Leonard Cohen: Bird on a Wire
Palmer's film is that rare concert doc that isn't for established fans only.
"Dr. Dolittle" is a cute, crude and good-hearted movie about a doctor who can talk to the animals--and listen, too, often as they loudly pass gas. It combines the charm of the 1998 movie with the current Hollywood obsession with intestinal tracts, resulting in a movie that kids, with their intense interest in digestive details, may find fascinating.
Eddie Murphy stars as a famous veterinarian, who now runs his own animal clinic (complete with 12-step therapy groups for ownerless dogs). His homelife is almost more demanding than his work: His daughter Charisse (Raven-Symone) is 16 and starting to date, and his wife (Kristen Wilson) is remarkably patient with a house full of pets and a yard full of animals, including a raccoon who comes to summon the doctor to an emergency.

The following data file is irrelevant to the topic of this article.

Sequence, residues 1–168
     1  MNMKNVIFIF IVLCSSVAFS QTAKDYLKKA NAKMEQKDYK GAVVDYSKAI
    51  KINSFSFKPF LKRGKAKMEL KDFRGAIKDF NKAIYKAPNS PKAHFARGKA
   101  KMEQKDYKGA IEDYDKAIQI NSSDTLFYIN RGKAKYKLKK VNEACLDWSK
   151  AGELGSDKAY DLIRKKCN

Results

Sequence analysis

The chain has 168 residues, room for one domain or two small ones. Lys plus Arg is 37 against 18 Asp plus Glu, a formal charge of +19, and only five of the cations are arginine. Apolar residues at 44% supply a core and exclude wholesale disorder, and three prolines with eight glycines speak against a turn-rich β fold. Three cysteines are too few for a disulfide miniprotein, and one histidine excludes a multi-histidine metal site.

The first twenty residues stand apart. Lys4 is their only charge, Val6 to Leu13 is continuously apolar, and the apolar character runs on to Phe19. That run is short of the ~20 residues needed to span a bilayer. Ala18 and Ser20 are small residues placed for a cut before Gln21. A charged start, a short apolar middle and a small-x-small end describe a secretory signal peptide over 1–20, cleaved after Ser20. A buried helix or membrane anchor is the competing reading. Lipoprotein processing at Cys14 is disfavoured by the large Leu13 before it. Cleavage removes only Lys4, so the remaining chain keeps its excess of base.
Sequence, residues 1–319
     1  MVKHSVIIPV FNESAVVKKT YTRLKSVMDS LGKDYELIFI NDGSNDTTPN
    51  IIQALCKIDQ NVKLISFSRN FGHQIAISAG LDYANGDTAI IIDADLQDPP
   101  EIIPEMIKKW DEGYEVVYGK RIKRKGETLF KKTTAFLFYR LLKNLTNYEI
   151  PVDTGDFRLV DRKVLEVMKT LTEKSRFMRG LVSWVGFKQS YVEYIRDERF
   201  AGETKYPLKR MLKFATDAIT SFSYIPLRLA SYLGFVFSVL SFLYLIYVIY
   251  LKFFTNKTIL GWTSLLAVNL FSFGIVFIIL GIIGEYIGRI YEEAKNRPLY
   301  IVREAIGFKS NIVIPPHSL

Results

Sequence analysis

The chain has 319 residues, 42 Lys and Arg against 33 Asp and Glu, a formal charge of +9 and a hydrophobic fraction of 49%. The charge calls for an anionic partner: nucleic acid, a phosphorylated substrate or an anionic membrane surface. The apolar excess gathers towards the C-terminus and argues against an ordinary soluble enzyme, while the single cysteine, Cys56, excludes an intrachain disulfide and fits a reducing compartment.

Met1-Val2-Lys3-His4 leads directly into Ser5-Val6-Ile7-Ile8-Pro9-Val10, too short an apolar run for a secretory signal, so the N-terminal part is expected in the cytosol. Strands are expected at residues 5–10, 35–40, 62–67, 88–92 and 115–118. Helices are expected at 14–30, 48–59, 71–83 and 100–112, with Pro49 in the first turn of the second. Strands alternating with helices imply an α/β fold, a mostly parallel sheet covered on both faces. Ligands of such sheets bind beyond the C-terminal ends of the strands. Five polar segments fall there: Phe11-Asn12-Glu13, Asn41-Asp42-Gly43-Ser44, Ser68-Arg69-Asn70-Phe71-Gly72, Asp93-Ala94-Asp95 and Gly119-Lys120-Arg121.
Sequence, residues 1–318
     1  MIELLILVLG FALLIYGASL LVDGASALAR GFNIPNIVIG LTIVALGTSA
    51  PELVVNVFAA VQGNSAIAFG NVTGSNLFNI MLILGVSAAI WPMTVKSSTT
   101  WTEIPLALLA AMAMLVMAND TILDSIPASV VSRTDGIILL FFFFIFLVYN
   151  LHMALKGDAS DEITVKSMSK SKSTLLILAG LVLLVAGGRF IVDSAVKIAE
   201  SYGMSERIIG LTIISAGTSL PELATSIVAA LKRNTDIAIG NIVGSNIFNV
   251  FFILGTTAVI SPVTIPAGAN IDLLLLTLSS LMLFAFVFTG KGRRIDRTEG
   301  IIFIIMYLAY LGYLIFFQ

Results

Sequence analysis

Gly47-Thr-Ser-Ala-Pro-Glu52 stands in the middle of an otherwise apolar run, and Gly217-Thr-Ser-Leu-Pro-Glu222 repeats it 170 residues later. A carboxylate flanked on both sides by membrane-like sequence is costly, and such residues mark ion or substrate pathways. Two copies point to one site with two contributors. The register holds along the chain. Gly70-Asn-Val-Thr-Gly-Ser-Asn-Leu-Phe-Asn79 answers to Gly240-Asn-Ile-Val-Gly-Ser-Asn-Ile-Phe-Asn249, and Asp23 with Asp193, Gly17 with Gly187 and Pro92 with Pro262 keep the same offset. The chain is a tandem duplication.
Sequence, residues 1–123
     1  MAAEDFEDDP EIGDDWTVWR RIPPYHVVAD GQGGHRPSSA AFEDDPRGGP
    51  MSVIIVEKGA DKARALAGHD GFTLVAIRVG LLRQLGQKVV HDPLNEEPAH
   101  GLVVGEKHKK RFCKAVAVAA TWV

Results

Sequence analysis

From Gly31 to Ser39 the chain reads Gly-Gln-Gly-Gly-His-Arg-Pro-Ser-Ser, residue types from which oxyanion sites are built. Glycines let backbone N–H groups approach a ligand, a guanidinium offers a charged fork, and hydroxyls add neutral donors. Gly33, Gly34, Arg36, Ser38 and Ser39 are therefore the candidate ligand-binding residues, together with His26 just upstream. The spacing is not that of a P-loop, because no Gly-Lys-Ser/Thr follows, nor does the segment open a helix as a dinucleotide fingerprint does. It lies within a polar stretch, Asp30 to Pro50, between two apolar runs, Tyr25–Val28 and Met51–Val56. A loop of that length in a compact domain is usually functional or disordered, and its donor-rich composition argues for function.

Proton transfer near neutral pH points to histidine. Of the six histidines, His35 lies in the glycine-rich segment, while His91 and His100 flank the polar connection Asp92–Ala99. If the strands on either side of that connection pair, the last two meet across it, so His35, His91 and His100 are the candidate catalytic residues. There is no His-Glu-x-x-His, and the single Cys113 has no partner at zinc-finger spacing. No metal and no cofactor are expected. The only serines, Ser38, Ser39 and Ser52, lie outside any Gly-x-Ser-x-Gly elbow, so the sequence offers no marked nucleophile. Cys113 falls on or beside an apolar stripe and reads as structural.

The crisis: A forest is about to be leveled by a plump, sneering enemy of the ecology (Jeffrey Jones), and the animals, led by a Godfather-style beaver, hope Dolittle can help. The forester is represented by a slick attorney (Kevin Pollak), and Dolittle recruits his lawyer wife to defend his case in court.
Much depends on the fact that the land is the habitat of a female bear, a member of a protected species. But since she can't reproduce all by herself, the villain's lawyer argues, what's the use of preserving her habitat? Dolittle, thinking fast, recruits a male performing bear from a circus. Can the bear be persuaded to perform those functions that a male bear in the wild does naturally? When the bear proves shy, Dolittle turns into an animal sex counselor.